Some Older Intel Tablets Finally Seeing Working Touchscreen With Linux 5.7

Written by Michael Larabel in Intel on 7 April 2020 at 03:10 PM EDT. 5 Comments
While Intel's open-source Linux hardware support is extremely good even in time for launch day of not only for their server / data center products but also desktop and mobile platforms, occasionally there are exceptions. One of the biggest exceptions over the past decade has been the Bay Trail support sometimes taking years to see fixes or finishing up areas of the support. The latest example of this is some Intel Bay Trail and Cherry Trail tablets finally seeing working/reliable touchscreen support on Linux 5.7.

Bay Trail on Linux has been beset by a recently corrected time drifting bug, broken hibernation support after a regression, and even regressions breaking the Linux support for periods of time. The 22nm Bay Trail Atoms have been around since 2013 and in 2020 there still are fundamental fixes around their Linux support.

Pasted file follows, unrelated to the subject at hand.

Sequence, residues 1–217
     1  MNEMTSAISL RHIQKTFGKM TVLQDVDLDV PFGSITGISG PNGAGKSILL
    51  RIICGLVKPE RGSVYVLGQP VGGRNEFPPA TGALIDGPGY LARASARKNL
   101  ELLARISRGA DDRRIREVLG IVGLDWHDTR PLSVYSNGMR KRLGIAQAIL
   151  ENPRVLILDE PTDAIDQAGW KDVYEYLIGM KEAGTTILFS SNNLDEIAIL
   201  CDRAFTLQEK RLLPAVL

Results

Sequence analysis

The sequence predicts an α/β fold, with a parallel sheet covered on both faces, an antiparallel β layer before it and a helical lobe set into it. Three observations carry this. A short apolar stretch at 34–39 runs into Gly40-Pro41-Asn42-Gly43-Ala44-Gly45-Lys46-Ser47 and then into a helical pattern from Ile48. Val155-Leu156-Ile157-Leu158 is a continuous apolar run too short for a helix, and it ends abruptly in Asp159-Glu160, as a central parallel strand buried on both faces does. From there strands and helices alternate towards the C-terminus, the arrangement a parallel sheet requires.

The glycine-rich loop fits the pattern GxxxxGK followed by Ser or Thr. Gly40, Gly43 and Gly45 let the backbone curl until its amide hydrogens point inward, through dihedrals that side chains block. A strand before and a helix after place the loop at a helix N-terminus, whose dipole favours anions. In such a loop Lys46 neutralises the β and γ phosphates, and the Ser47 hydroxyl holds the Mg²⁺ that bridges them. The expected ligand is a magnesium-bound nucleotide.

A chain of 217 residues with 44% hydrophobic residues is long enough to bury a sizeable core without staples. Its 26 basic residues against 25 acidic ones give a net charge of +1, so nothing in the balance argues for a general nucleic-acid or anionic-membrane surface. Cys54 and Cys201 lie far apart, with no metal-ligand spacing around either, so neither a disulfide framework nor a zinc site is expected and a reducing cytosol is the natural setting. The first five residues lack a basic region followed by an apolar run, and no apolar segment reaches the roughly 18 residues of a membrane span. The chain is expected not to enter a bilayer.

The latest to report for Linux 5.7 is that various Bay Trail and Cherry Trail devices are finally seeing working touchscreen support for different issues plaguing the hardware in the past. This long overdue support came thanks to Red Hat's Hans de Goede for tackling updates to the Goodix driver for enabling it to work on Bay/Cherry Trail. Hans de Goede has also addressed other Bay Trail Linux shortcomings in recent time.

Some of the many affected devices that either had non-working touchscreen support or had quirks like not working after suspend included the likes of the Trekstor Primetab S11B, GPD Pocket, and other devices. The Goodix driver improvements with these Bay/Cherry Trail specific changes were sent in today as part of the input updates for Linux 5.7.
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Michael Larabel

Michael Larabel is the principal author of and founded the site in 2004 with a focus on enriching the Linux hardware experience. Michael has written more than 20,000 articles covering the state of Linux hardware support, Linux performance, graphics drivers, and other topics. Michael is also the lead developer of the Phoronix Test Suite, Phoromatic, and automated benchmarking software. He can be followed via Twitter, LinkedIn, or contacted via

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